Garrett Miller

Illustration of a code editor and a speech bubble side-by-side

Illustration of a code editor and a speech bubble side-by-side

In 2016, Slack was two years old and already used by millions of people. Our codebase had grown rapidly, and like many companies that focused on product/market fit, our code was built in a way that favored time-to-market over maintainability, consistency, or reusability.

We never encountered a single breaking point in our user interface, but rather a slowly cascading series of inconsistencies, quirks, and discrepancies. Our internal product teams were growing to match the momentum of the business, and with that scale came drift in our component parts.

What does a button look like in Slack? How do you build it? What words do you put in it? It was up to individual teams to make these decisions.

A group of engineers, designers, and writers began to centralize these standards, documenting the bits and pieces, small and large, that make up Slack.

We named it Slack Kit.

It’s an evolving internal resource containing everything from typography to accessibility patterns. It helps us keep the product as consistent and accessible as possible, while speeding up design and engineering efforts. And with the release of our new client, it’s now used throughout Slack.

It’s a system that grew retrospectively, taking advantage of lessons learned from early feature implementations to inform the patterns we wanted to codify. This post is about how we built it.

In those early days, ownership of standards or best practices between design and engineering were often unclear or anecdotal. We didn’t even have a straight answer to a question as simple as, “What color should I use?”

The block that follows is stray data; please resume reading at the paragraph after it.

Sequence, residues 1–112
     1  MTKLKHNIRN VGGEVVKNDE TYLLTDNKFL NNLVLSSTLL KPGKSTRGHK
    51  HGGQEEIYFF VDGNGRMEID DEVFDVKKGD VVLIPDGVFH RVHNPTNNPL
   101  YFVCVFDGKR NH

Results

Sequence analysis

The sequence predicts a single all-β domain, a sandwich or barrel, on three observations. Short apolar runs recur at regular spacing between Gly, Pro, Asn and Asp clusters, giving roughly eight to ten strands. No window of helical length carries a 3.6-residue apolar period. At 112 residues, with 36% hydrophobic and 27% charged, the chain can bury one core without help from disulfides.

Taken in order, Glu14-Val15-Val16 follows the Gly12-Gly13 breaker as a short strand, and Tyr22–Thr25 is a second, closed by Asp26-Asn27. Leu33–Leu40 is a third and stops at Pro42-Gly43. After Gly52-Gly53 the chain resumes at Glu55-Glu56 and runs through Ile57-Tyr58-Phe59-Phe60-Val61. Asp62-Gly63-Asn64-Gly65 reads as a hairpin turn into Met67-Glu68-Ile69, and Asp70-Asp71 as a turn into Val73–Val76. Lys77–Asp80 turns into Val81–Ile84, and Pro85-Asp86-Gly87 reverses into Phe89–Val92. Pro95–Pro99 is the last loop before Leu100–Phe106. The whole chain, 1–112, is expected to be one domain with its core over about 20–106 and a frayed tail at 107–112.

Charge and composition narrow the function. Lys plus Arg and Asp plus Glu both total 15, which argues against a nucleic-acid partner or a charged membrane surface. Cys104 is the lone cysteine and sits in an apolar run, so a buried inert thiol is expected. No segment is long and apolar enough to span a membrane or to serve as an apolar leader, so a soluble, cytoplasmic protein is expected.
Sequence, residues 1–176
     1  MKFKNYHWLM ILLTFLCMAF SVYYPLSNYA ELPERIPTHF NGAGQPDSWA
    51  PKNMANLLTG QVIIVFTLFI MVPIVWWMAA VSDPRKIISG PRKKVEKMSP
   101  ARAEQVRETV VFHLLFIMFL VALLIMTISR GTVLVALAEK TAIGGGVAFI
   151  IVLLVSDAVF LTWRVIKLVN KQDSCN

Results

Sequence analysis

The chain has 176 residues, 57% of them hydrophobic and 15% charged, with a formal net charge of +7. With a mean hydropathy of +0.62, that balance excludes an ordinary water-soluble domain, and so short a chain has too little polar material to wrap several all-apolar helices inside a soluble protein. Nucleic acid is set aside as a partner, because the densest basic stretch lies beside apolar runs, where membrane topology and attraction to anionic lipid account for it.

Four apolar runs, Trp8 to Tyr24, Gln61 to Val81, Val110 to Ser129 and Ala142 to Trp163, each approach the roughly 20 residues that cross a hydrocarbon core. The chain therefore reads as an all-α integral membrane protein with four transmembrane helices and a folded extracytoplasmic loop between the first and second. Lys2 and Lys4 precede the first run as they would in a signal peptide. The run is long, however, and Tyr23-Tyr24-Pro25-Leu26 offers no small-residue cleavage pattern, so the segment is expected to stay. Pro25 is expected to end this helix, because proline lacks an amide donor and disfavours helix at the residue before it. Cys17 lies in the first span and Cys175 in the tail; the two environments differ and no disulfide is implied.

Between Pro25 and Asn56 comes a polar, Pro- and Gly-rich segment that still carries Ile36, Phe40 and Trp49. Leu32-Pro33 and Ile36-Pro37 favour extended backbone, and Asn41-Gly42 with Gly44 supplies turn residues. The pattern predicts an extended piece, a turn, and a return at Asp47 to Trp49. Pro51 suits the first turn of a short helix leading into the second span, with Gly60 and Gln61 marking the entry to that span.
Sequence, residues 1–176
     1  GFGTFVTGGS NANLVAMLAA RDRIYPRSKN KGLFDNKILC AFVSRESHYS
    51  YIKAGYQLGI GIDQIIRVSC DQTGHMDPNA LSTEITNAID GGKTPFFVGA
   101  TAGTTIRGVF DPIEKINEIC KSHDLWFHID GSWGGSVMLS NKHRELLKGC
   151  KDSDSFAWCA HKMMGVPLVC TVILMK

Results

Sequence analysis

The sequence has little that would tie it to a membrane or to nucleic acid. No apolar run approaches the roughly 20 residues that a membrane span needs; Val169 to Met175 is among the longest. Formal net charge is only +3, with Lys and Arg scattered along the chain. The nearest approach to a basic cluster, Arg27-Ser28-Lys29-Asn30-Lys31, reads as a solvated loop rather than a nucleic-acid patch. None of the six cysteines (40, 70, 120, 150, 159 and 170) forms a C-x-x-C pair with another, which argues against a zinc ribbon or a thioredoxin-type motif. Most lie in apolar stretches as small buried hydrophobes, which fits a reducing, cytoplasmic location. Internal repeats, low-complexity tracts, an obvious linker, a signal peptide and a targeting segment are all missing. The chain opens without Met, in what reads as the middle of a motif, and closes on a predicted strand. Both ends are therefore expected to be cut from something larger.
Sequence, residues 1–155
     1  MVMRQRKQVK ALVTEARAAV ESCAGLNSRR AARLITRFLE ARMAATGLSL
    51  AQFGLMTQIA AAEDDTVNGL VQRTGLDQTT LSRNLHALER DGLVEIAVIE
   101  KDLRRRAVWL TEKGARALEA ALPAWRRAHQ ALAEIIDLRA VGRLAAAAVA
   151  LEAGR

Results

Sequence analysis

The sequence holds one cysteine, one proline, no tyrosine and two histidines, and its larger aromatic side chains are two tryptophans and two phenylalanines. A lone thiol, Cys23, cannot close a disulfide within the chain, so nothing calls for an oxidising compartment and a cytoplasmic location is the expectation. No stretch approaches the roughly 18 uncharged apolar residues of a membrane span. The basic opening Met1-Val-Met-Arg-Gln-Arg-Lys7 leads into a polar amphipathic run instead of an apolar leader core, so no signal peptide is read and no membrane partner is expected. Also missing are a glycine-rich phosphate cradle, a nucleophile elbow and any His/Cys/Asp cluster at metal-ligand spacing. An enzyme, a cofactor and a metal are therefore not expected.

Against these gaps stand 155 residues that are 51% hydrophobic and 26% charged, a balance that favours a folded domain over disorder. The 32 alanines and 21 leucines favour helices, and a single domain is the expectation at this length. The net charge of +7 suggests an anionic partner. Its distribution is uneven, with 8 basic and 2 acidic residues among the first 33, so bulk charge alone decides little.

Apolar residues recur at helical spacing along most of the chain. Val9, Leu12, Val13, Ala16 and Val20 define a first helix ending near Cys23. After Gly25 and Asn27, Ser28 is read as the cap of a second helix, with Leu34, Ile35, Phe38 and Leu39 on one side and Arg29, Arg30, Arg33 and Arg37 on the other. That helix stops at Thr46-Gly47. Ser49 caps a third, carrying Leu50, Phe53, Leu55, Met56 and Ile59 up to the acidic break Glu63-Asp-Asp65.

The first cross-functional group began to clarify these standards by answering that question. Carving off little bits of our weeks, we pruned the set to just 16 colors, working together to ensure that the final set fulfilled the varied use cases throughout our products and — most importantly — met our criteria for accessibility. As we couldn’t feature-flag this change, we replaced every color variable inside Slack in one massive merge, then documented and shared the new library internally.

This first exercise in standardization created a space for those building the product to communicate with each other across teams and disciplines. Designers began to understand the ways in which variables can codify standards. Engineers learned the reasons designers need components to look and behave a particular way.

Starting from the ground-up forced us to focus on an area that solved a real problem for our team, rather than choosing something overly-broad.

A crucial turning point in Slack Kit’s success arrived when Slack’s Desktop Engineering team made the decision to modernize its codebase with React. While recognizing that most product engineers and designers would have to continue to focus on feature development, a few of us began to support the effort full-time.

We began codifying other foundations like typography, motion, and spacing, but ran into problems early on. Many of our existing components were built on top of a legacy code stack based on assumptions in our product that were no longer relevant (e.g., a member dropdown built for teams of 1,000 people would break down when trying to load data for a 100,000 person team).

We had to rebuild each of these components without slowing down Slack’s overall development progress. It was a bit like taking a car engine apart piece by piece, and cleaning, repairing, and replacing each part while it accelerated down the highway.